Some of the best literature and film have flawed characters who we nevertheless want to succeed. Think of Michael Corleone in The Godfather, Emma Bovary in Madame Bovary, Becky Sharpe in Vanity Fair. The skill of the writer is not in having the character declare ‘Listen folks, I’m good underneath,’ but in showing, sometimes with the smallest tell, that the character is moved, or grieving, or frightened or may have simply realized that they’ve gone too far. It could be the way they button their coat, stand at the door, fail to speak, clench their fist.
I believe that in fiction we must leave judgement to the reader and in life, as far as possible, entirely. Nevertheless, society must have systems for saying ‘this behavior is not right,’ and have the means to protect vulnerable people. As someone who was a Magistrate for several years, I’m the first to say that there are occasions when judgements do have to be made and that someone has to do that job.
Of course, many of us will never go to Court for a criminal offence but there are damaging things we do to one another which are not against the law, little betrayals, rejections and hurts that can pierce the soul deeper than any knife. Again, great fiction comes from exploring these things. Think of the interplay of jealousy and rivalry in The Old Wives’ Tale by Arnold Bennett or the tragic effects of staying silent in The Remains of the Day by Kazuo Ishiguru.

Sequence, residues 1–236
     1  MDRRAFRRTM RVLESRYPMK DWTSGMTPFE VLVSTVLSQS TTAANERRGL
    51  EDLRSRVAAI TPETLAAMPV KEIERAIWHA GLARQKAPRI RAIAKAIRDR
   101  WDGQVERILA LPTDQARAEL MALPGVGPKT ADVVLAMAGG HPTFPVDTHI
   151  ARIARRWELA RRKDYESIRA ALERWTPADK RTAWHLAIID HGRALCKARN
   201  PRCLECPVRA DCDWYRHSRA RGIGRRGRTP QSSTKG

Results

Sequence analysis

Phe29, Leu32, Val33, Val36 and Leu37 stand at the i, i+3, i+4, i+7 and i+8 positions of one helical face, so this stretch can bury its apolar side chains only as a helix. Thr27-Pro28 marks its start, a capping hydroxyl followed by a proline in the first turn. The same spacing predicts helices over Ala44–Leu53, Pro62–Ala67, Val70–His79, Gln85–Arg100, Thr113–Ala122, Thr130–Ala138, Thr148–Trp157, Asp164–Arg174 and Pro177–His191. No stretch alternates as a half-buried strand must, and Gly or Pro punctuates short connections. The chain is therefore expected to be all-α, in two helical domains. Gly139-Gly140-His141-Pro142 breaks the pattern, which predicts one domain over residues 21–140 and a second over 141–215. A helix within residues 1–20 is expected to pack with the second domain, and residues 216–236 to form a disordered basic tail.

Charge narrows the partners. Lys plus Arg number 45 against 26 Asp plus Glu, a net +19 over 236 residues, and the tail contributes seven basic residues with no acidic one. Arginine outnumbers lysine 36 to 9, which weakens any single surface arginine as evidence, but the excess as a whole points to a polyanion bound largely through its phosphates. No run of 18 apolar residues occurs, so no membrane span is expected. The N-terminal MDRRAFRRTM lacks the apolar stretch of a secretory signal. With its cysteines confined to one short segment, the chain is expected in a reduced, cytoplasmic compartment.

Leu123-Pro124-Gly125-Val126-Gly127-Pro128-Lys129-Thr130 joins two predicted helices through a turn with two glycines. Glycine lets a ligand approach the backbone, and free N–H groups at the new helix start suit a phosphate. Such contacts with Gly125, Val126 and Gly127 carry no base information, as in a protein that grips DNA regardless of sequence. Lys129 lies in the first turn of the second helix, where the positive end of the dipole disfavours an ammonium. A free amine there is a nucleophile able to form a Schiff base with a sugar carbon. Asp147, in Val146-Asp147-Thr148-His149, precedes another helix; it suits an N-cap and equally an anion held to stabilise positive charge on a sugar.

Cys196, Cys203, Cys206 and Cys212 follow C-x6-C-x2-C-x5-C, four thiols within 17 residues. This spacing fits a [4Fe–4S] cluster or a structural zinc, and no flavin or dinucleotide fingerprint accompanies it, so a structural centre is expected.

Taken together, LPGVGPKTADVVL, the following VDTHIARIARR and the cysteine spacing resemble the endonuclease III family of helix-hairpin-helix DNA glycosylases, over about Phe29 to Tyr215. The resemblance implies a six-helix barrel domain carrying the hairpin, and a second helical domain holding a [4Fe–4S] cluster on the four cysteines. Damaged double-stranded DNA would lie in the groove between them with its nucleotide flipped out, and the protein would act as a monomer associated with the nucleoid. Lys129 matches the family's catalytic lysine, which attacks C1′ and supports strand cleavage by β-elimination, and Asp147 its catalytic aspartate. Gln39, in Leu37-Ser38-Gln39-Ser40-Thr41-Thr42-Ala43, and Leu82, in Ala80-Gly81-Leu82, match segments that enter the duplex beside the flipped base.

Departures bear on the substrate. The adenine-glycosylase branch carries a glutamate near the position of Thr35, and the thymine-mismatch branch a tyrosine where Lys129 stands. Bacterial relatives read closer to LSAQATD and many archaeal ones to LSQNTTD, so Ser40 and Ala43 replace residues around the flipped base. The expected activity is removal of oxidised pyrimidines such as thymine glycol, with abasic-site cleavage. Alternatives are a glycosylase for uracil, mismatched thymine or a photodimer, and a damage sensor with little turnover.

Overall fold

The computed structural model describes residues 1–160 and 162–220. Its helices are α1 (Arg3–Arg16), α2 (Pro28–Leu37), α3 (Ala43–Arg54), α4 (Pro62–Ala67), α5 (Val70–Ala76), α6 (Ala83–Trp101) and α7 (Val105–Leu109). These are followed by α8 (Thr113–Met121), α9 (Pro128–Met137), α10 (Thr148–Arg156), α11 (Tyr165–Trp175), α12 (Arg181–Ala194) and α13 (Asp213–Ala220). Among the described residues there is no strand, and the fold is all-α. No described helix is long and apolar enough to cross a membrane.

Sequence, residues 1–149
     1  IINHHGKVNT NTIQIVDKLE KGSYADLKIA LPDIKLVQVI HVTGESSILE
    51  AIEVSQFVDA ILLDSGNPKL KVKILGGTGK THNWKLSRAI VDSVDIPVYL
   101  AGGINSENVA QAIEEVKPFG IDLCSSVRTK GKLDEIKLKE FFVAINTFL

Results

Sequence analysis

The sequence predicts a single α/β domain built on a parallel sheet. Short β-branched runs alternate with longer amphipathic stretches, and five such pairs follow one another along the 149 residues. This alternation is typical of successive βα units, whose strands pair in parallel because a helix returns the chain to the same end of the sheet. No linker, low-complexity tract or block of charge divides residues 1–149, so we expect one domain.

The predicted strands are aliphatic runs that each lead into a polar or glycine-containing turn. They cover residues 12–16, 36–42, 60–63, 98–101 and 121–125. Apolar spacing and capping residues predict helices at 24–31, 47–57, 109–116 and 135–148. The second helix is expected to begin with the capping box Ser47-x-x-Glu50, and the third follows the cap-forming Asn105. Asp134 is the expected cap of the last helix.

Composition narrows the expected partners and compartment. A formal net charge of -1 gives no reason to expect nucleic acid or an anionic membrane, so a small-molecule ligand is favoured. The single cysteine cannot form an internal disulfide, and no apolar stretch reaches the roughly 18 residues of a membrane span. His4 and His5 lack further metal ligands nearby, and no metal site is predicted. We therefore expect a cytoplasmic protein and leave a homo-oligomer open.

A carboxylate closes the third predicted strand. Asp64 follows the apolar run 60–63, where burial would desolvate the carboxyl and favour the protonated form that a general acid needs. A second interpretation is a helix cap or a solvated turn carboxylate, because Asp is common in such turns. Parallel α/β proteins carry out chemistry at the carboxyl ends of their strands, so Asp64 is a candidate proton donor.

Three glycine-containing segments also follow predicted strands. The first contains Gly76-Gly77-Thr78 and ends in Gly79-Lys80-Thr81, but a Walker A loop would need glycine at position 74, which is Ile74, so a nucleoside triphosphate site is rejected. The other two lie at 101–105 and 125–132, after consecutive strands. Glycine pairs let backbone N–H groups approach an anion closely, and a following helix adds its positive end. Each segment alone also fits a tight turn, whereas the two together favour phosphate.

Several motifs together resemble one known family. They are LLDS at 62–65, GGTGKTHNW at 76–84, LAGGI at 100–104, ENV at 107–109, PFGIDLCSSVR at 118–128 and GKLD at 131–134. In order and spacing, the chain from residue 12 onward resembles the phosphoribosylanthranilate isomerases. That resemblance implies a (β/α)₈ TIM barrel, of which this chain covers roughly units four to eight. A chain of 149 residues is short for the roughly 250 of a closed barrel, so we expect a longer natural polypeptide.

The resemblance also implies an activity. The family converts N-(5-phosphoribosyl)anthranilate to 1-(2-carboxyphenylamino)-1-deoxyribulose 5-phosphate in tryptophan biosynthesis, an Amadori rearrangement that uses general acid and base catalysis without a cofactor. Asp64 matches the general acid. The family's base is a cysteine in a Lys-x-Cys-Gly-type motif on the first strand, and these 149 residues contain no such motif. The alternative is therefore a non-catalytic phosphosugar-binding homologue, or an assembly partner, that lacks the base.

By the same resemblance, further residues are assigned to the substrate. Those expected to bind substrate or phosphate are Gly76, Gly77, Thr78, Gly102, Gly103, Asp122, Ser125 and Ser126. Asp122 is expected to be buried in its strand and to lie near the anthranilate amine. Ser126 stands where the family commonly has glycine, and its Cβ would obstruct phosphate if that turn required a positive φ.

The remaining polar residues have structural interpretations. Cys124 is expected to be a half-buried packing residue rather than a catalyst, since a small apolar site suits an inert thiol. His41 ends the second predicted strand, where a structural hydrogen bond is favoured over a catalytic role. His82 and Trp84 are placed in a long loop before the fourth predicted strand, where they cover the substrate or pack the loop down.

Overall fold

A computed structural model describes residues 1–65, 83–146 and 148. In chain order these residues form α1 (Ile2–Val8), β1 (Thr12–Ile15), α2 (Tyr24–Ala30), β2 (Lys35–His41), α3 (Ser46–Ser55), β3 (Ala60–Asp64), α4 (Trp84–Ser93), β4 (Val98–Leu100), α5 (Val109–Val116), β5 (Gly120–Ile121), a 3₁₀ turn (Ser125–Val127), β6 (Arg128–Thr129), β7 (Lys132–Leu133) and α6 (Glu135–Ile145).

I’d like to think that even when I’m irritated by someone – even my characters – that I can take a step back and see underneath their actions or attitude, maybe not in the heat of the moment but soon after. I’d also like to think that this attitude spills over into my writing so that my characters can be true and round and authentic.
I saw a quote the other day, probably on Facebook, that said ‘We are all just walking each other home.’ What a lovely way to look at the world.
Thank you to Kit for this beautiful, moving piece which is itself a lovely way to look at the world.
Who’s read this book? Would love to hear your thoughts.
It isn’t hard to see why this novel sparked such strong interest from publishers and now from readers: it excels in so many areas which are difficult to get right. The voice of nine-year-old Leon is exceptionally vivid and authentic. The novel has enormous emotional power without recourse to sentimentality, preaching or manipulation and is at times horribly sad precisely because there is so much truth in it. It really grabbed me by the heart. Many books deal with important issues; there are few that could be called ‘socially important’ but this is one of them, especially at a time when compassion, tolerance and inclusiveness are so threatened in society. Despite everything, this is a genuinely uplifting story that offers plenty of warmth and hope for humanity. In many ways it reminded me of Stephen Kelman’s Pigeon English, shortlisted for the Man Booker Prize in 2012, and success of that order seems very likely for My Name is Leon.
Next week my guest will be Leila Segal, with a Writers on Location post on setting her story collection Breathe in the Pinar del Rio province of Cuba.